Racing the Storm
September 17, 2012
The last thing in the world Jack would have expected was to get a message from his mother. He hadn’t seen her much since his father passed and she had moved in with her sister in Saint Paul . Jack hadn’t owned a cell phone in his life, but he did have an old email mail account. Mostly he avoided checking it because he didn’t want to have to explain himself to a few lingering people that might care.
But his mother’s message sounded urgent. She wasn’t just worried over where he was or what might be happening to him. She sounded like she needed help. “I need you to come here as quickly as you can,” the note had stated. It had been written a full week ago. When he tried the last number he had for his mother, the call wouldn’t go through.
He dropped the receiver back onto the cradle of the pay phone and walked into the hotel lobby. Fingers massaged his worried brow for a moment. I shouldn’t be too worried. She might just be short on money of suffering from normal health problems. She is growing older after all.
Still, he couldn’t help feeling concerned. Everywhere he turned, Xemmoni plagued him. It could be quite possible that she might be targeted simply because of her relationship to him. Another issue was the city itself. Xemmoni breed thick in the cities and the overpopulated regions became death traps for Stalwarts, especially Stalwarts like him that were on their own. Things have been tough enough for me in the sticks, I’m not sure what going back into a city will be like.
But it was his mother, so what real choice did he have? With her phone down as well, he would have no choice but to head there himself. Minutes later, he had stuffed his meager belongings into his duffel and headed to his new ride.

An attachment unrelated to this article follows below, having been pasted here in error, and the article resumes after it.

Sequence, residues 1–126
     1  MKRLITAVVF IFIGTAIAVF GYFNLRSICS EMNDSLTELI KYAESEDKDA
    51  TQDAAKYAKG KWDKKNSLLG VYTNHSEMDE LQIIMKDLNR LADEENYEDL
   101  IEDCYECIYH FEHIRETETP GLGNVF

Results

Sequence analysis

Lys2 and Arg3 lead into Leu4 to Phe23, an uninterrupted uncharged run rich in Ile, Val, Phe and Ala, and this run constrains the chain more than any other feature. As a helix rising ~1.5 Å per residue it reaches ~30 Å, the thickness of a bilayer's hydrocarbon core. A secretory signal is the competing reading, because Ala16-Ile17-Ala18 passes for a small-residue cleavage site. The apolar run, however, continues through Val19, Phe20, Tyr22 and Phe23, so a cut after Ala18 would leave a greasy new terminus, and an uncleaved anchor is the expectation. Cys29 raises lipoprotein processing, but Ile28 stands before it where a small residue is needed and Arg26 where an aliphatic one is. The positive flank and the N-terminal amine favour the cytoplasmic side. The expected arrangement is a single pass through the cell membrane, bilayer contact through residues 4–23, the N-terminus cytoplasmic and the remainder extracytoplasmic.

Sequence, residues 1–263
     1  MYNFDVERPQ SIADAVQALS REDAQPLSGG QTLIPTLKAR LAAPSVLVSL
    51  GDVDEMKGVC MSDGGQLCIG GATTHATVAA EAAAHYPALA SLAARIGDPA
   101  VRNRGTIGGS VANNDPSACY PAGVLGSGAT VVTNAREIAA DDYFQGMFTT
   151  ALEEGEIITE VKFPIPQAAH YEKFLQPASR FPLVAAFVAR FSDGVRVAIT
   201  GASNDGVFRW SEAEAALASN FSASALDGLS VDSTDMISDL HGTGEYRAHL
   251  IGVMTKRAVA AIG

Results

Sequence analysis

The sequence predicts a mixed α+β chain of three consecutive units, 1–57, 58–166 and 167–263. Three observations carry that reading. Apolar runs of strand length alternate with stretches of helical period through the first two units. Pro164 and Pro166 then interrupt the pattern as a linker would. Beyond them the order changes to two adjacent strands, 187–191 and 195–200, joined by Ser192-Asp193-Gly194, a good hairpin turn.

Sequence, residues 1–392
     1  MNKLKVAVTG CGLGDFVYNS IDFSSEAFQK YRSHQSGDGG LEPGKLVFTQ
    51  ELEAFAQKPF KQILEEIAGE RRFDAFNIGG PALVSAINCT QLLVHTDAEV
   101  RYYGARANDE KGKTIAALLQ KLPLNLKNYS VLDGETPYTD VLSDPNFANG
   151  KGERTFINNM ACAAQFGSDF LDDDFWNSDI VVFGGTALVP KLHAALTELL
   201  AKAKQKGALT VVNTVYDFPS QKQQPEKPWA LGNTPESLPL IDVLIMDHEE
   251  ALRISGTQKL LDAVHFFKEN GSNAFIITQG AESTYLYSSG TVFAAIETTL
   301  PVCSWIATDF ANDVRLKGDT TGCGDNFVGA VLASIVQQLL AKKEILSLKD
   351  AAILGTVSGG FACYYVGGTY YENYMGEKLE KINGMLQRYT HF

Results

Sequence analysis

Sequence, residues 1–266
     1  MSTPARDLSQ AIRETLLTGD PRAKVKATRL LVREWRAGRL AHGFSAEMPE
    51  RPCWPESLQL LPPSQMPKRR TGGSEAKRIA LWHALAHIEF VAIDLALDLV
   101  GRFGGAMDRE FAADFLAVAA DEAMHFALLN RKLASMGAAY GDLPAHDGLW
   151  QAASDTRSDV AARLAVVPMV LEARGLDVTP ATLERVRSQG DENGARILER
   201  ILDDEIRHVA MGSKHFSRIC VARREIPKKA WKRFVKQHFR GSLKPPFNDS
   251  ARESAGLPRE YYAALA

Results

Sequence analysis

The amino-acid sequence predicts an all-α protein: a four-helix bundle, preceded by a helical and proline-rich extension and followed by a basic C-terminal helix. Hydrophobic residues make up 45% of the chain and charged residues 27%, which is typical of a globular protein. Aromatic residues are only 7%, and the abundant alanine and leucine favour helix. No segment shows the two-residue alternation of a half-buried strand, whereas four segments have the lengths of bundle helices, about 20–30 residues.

The cold hit him like a giant’s fist. He rushed to poor Hank’s truck, feeling extremely thankful that he had more than just his motorcycle. The old Ford’s heater did little more than keep frostbite away as he headed off onto the snow swept highway.
He tried to tell himself that this was just another annoyance, just another distraction keeping him from returning to Vile Darken and completing what he had failed to do. Part of him felt secretly thankful that he had an excuse not to face that evil yet, but what really burned in his gut was concern for his mother.
The letter was a week old. What might have happened to her since then? Was she still okay? Such thoughts clawed at him as the truck picked up speed and headed east.
Looking at his reflection in the mirror, a scarred taciturn man stared back at him. Would his mother even know him now? “Three bloody years,” he mumbled. He held off from swearing at himself, if only just barely. Behind him, he was dark clouds building in the west. “Storm coming. I better try to beat it.” His foot grew heavy and his speed increased as the arcs of snows danced on the pavement before him.